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Illustration by Liene Magdalēna

Leaving the Saadiyat Bubble

Capstone, job search, grad school applications. Seniors seemed to be overwhelmed with tasks that they are racing to accomplish before the semester ends. What is it like to deal with all of these issues and what are their more pressing concerns?

Feb 16, 2019

NYU Abu Dhabi’s Class of 2019 is graduating this May. With graduation creeping up on them, seniors are racing to finish their capstones and fulfil their graduation requirements. However, those are not the only things on their plate right now. Filling forms for graduate school applications, writing personal statements and applying for jobs have become an almost daily task for most of the graduating class.
For Andrew Wani Samuel Modi, Class of 2019, who is currently looking for job opportunities and is planning to attend the Opportunities Fair on Feb. 17, the senior year experience has been fun, beautiful and scary all at the same time.
“Knowing that I will be graduating soon is amazing because it will be a huge achievement,” shares Modi, “however, the process of finding a job comes with a lot of stress because everyone else is striving for the same opportunities.”
Modi has mixed feelings about life after NYUAD. “Right now I have the opportunities of travelling and having a good time, when NYUAD is covering all my academic needs and my family covering my other needs. But after graduation, I have to start being responsible for myself, take care of most of my needs. That in itself is very scary.”
Senior year has been busier for Modi who, unlike previous semesters, has classes almost every day of the week. His free time outside of academics is occupied by looking for job opportunities, meeting professors for career advice and capstoning. “I want to establish myself,” said Modi who is studying film. “I have been spending almost my entire life from childhood up to now doing academics, so I want to experience the other side of life, get to work and make some money.”
For others, senior year has been all about trying new things before they graduate to make the best out of their last semester. “I certainly think that there is some level of stress when it comes to realizing that all these opportunities will fade very soon, so I think as a senior you realize more things that you haven’t done while being here,” said Raitis Pekuss, Class of 2019. Pekuss notes how a lot of seniors have joined more Student Interest Groups to explore new areas of interest, including himself who recently joined the Debate SIG. Like many others from the Class of 2019, Pekuss feels pressured to embrace all these opportunities and make the most out of them before graduating.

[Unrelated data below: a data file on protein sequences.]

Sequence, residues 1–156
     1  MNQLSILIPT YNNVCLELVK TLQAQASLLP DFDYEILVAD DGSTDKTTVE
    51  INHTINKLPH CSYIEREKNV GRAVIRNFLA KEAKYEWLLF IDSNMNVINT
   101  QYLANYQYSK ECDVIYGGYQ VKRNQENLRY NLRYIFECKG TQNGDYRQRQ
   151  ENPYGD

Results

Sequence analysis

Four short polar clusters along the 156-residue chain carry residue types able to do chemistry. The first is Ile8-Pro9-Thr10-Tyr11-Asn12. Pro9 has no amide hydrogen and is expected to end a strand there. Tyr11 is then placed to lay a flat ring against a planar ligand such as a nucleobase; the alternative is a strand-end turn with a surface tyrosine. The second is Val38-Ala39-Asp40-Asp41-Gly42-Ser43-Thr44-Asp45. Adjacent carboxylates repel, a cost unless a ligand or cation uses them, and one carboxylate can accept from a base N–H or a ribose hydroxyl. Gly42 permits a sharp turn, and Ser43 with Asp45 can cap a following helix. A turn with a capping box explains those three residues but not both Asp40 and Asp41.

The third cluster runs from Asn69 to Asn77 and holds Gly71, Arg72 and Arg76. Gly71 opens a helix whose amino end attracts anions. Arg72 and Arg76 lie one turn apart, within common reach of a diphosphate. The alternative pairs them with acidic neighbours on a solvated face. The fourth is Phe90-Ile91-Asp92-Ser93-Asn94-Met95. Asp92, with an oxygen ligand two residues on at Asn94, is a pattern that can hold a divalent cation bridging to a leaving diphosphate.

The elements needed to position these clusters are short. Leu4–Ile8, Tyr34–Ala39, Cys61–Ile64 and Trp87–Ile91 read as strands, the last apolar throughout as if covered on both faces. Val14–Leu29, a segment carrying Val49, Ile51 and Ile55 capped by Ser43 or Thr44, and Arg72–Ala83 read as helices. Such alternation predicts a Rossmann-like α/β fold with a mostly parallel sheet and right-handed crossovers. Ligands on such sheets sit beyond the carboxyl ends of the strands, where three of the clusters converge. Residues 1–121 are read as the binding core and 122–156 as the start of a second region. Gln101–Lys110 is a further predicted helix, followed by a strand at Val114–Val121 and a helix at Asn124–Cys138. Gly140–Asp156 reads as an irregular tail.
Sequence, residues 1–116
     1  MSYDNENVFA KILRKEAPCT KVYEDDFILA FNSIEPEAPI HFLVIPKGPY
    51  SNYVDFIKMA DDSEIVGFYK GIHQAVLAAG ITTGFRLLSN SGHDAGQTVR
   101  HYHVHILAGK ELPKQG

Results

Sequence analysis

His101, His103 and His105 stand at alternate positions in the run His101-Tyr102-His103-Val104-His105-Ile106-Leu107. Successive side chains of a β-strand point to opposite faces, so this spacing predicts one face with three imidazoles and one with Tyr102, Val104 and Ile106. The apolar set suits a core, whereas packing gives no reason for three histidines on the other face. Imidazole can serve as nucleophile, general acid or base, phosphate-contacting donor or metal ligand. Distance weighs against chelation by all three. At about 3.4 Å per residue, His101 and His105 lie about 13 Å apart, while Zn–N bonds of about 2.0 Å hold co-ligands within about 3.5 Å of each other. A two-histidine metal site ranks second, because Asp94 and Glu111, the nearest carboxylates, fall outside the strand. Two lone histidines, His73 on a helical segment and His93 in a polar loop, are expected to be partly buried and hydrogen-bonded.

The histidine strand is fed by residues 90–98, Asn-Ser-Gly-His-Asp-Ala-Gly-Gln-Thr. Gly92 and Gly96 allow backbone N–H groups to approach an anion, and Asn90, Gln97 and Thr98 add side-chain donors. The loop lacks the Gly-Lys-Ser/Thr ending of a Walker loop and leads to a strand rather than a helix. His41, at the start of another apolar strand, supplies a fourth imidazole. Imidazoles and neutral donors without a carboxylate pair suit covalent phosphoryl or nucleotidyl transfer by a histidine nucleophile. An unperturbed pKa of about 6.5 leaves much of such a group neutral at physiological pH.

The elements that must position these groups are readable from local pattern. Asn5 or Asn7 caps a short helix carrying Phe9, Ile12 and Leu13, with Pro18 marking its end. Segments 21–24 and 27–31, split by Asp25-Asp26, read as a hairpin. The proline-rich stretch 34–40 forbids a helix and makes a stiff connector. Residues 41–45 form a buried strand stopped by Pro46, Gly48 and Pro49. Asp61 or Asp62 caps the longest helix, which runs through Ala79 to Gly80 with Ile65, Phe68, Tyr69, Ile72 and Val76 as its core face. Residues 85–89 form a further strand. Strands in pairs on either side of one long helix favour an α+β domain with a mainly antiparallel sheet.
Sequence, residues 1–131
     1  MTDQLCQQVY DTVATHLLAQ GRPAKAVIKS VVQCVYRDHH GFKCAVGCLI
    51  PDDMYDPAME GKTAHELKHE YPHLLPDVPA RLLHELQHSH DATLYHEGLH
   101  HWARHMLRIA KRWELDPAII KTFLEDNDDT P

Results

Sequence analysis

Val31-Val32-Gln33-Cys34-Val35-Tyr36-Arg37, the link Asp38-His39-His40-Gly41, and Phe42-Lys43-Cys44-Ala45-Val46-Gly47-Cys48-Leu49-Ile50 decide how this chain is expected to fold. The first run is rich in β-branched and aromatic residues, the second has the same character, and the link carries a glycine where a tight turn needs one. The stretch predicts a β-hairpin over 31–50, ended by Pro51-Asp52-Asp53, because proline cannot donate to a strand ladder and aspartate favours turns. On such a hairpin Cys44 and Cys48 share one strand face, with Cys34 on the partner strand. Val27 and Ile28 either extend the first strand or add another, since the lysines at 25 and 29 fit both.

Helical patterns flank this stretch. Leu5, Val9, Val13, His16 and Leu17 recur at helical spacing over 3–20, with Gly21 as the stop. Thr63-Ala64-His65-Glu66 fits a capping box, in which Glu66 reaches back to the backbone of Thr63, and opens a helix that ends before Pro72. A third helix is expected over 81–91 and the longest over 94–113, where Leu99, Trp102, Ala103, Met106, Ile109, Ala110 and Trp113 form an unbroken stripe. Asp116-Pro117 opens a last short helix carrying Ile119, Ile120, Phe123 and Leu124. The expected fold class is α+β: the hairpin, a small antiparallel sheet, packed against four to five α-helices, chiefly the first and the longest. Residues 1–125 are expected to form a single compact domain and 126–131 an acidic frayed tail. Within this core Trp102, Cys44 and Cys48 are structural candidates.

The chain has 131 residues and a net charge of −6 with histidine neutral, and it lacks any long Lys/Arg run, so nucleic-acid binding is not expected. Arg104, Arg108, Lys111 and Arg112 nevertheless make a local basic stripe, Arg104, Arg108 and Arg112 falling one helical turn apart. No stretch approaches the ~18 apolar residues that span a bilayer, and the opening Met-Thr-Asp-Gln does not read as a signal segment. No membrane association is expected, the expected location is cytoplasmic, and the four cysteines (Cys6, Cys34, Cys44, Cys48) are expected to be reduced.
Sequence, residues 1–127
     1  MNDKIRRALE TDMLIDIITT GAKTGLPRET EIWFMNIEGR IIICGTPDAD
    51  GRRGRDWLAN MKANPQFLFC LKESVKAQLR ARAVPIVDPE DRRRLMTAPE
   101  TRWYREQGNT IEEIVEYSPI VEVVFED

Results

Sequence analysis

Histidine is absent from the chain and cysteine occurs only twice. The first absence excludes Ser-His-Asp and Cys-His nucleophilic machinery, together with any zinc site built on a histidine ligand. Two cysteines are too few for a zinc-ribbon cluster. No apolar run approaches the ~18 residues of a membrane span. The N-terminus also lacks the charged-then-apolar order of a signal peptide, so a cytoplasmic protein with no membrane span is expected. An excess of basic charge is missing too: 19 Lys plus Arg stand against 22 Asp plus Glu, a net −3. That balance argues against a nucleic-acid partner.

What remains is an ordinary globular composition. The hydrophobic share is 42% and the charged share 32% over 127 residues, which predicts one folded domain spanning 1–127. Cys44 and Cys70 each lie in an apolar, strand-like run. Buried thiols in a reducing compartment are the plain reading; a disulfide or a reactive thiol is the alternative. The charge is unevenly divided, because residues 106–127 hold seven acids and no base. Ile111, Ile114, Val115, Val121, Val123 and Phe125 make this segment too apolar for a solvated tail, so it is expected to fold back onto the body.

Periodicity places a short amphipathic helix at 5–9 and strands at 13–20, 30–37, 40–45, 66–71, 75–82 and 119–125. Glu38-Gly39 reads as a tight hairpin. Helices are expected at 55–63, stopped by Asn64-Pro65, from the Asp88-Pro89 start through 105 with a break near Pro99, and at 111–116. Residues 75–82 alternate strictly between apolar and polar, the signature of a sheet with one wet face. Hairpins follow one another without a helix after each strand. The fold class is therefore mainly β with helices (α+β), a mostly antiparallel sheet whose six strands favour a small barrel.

Pekuss, who is majoring in Civil Engineering, is currently facing a dilemma. He is deciding between staying in academia or going into the industry. With a humorous tone, he added, “I might also opt for crashing [on] my mom’s couch; she just got a new one and it looks very comfortable.”
Nevertheless, Pekuss is excited about the journey ahead. He wishes to test his skills in the real world, applying his knowledge of engineering to make a positive impact in the world and challenge himself in a setting other than NYUAD. “Certainly, the lack of meal swipes would be a big stressing point, but otherwise I am looking forward to what comes next,” added Pekuss.
“Being a senior will always mean dealing with a lot,” shares Tami Gjorgjieva, Class of 2019, President of Student Government and a Biology major. “... you have your classes, your capstone, extracurriculars and especially because a lot of us decide to take on these leadership positions in the university being the most experienced people and being passionate to make a change before we leave.”
However, Gjorgjieva highlights the importance of navigating expectations from others and from oneself. “One of the things that’s hardest as a senior is to be able to turn off all of these other roles that you have while you are doing something so that you can fully focus,” Gjorgjieva added. She tries to create boundaries between her work life and her private life by actively trying not to bring any work home. “Home is a space that I use to hang out with my friends and roommates and so I try to contain my capstone work between the lab and the library. I try to contain the Student Government work between the office and the spaces around campus,” shared Gjorgjieva.
Gjorgjieva laments over leaving NYUAD this May as it won’t be easy for her. She admits that she was ready to leave last semester, however as she returned from Macedonia this winter break, she no longer feels so. “I am already starting to feel nostalgic just thinking about the future ahead, and I think that nostalgia is in multiple levels. One obviously is the physical space of the campus and all the memories that it carries with it. But the biggest part is just the people,” said Tami with a broken voice.
Nevertheless, Gjorgjieva, who sees herself working in genomics and grappling with ideas between personalized medicine and genetic regulations in the future, is excited about the journey ahead.
“I think NYUAD was such an exciting journey. Can you imagine what the rest of your life is going to be like? Having all the lessons you have learned from NYUAD, taking them and applying them to the real world,” said Gjorgjieva. She is hopeful that the journey after NYUAD is going to be exciting and she cannot wait to see what everyone is going to make out of that.
Senior year is both a stressful and exciting time as students explore the potential paths their lives may take as their time at NYUAD comes to an end.
Chhete Sherpa is a staff writer. Email him at
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